While Canadian regulators will not show the ad during family programming because of the word "hell", it was the depiction of unbranded alcohol that got the commercial sliced and diced in the editing room. The irony, of course, is that while "buying a mate a beer" is as Australian as you can get, drinking beer is as Canadian as one can get.
As we all know, there is nothing more Canadian than beer and the love of it. In fact, we, as a country, have gone so far as to define our entire national identity on a beer campaign and our politicians have even been elected on the "beer and popcorn" ticket. As such, it is nothing short of un-Canadian that the CRTC has banned the tourism commercial over half a glass of beer - and free beer at that! As penance, the CRTC should foot the bill at the country's next national kegger.
The ghost of Samuel de Champlain has lost his memory and needs your help!
Poor Sam needs to match the drawings from his travel diary to Canada's historic sites. To be succesful, you must first click on the points of the map to read a bit of history and then drag the corresponding drawing to that site to make a match.
Beware! A wrong move will summon the sea creatures of the deep (Ahoy Ogopogo!) and too many wrong moves will destroy your map and force you to start over.
The Canadian men's hockey team may have met their match in Torino, but Canada's sledge hockey team righted the wrong and brought home the gold!
Rick Mercer had an opportunity to hit the ice with the team prior to their departure to Italy and found that there was nothing easy about the sport. Watch as Mercer gets his booty kicked by Canada's sledge hockey heroes! It is definitely not a sport for the faint of heart.
An American, a Scot and a Canuck were in a terrible car accident. They were all brought to the same emergency room, but all three of them died before they arrived. Just as they were about to put the toe tag on the American, he stirred and opened his eyes. Astonished, the doctors and nurses present asked him what happened.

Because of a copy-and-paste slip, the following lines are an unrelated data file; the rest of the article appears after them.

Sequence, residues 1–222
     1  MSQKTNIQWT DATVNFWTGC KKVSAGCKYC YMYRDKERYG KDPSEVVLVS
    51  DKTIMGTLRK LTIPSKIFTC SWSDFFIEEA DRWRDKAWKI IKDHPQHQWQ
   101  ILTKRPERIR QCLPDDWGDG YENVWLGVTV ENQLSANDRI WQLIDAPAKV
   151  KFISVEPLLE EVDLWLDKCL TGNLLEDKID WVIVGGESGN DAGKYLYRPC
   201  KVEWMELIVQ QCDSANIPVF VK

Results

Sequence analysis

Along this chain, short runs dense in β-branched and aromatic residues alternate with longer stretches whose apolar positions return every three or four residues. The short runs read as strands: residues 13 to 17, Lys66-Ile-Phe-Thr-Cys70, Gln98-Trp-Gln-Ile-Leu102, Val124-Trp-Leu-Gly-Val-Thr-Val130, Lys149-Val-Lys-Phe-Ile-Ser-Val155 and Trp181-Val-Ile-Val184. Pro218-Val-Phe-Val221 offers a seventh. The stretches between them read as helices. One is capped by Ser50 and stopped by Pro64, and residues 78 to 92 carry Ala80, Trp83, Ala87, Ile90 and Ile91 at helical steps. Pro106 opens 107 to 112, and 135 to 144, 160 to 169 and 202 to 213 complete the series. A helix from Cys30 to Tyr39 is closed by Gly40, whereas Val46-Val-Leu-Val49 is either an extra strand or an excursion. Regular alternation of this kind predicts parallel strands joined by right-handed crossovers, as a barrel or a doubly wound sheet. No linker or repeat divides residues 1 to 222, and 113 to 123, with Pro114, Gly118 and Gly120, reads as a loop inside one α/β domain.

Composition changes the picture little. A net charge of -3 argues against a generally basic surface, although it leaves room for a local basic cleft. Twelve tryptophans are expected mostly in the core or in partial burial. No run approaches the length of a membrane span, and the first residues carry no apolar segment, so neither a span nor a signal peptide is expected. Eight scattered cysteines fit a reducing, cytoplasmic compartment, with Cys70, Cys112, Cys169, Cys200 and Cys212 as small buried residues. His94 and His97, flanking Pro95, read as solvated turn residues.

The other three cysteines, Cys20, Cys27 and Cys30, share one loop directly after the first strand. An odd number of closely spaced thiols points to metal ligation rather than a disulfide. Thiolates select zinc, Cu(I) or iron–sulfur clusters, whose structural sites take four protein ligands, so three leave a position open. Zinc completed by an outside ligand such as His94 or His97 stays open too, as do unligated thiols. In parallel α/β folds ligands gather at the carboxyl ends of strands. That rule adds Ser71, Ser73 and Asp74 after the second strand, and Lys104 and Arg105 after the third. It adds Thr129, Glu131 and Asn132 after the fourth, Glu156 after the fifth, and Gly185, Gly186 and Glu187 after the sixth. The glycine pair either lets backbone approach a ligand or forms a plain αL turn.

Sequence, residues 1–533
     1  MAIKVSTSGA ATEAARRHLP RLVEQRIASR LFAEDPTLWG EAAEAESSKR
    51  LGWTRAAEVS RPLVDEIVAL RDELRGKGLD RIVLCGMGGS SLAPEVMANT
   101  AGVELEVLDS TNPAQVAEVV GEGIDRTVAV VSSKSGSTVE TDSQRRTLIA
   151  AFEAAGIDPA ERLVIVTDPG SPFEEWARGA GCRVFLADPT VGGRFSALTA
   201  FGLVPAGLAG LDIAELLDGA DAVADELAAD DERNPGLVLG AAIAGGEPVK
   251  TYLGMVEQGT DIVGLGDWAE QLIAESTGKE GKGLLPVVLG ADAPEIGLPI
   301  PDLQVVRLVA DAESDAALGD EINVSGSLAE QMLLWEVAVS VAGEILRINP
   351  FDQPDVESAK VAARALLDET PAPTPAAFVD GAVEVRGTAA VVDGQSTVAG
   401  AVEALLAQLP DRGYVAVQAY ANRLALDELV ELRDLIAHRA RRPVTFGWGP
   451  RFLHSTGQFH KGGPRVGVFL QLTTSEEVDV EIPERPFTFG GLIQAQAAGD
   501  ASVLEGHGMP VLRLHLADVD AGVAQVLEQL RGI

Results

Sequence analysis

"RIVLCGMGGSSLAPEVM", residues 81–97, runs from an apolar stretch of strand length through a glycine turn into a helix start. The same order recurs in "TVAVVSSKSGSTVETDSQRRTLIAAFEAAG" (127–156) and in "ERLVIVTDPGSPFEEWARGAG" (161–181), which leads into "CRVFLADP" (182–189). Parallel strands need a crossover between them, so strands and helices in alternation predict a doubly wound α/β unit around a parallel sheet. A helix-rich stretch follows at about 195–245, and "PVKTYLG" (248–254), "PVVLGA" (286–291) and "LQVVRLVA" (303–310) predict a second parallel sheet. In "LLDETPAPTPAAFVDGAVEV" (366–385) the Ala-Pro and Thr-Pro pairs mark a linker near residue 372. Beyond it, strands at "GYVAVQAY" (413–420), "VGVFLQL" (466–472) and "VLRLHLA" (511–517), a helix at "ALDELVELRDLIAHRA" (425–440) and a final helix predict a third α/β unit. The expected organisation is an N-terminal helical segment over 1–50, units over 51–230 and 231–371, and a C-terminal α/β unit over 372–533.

"Well," said the American, "I remember the crash, and then there was a beautiful light, and then the Canadian and the Scot and I were standing at the gates of heaven. St. Peter approached us and said that we were all too young to die, and that for a donation of $100, we could return to the earth."
He continued, "So of course, I pulled out my wallet and gave him the $100 and the next thing I knew I was back here."
"That's amazing!" said one of the doctors. "But what happened to the other two?"
"Last I saw them," replied the American, "the Scot was haggling over the price and the Canadian was waiting for the government to pay for his."
Albertans and Atlantic Canadians have nearly twice the opportunity of driving off in one of the 30 SUVs as people in Toronto or southwestern Ontario.
If you live in Quebec, where Tim Hortons is battling for market share with rival Dunkin' Donuts, your chances are even better – a one in four million shot at the SUV, versus one in eight million for B.C. and one in 11 million for southern Ontario.
The same is true to a lesser extent for the three other big rewards: 100 plasma televisions, 500 cash prizes of $1,000 and 10,000 barbecues.
Research has proven that those chances become even fewer when you are living abroad and trying to desperately coerrce friends and relatives to participate in the contest on your behalf. In fact, gambling experts have estimated the chances of winning under those circumstances to be "null" and perhaps even "void".
On a related note, in case anyone was doubting the global appeal of Tim Hortons, check out Eric Chan's video assignment in which he made a commercial for the doughnut shop entitled, Tim Hortons - Japan.
Note: If you are using IE and are having trouble seeing the video, it can also be seen at this link.
Kismet was at work when the good folks at the Weather Channel dubbed this week to be "Tornado Week". All weekend and into the week, the network planned to air episodes of "Storm Story" and highlight the destructive and deadly nature of tornadoes. On both Saturday and Sunday evenings, their scheduled "Tornado Week" programming took on greater meaning when it became peppered with interruptions of actual tornado warnings.
Saturday night, we responded to the tornado warnings with what has become standard practice - move the birds, the radio, the laptop, and the dogs down into the basement to wait out the storm. We were lucky that night, as the cell that had been headed directly for us dissipated right before it hit. "Just wait," said the weatherman on the radio. "Just wait, until Sunday. We are expecting some very severe weather tomorrow."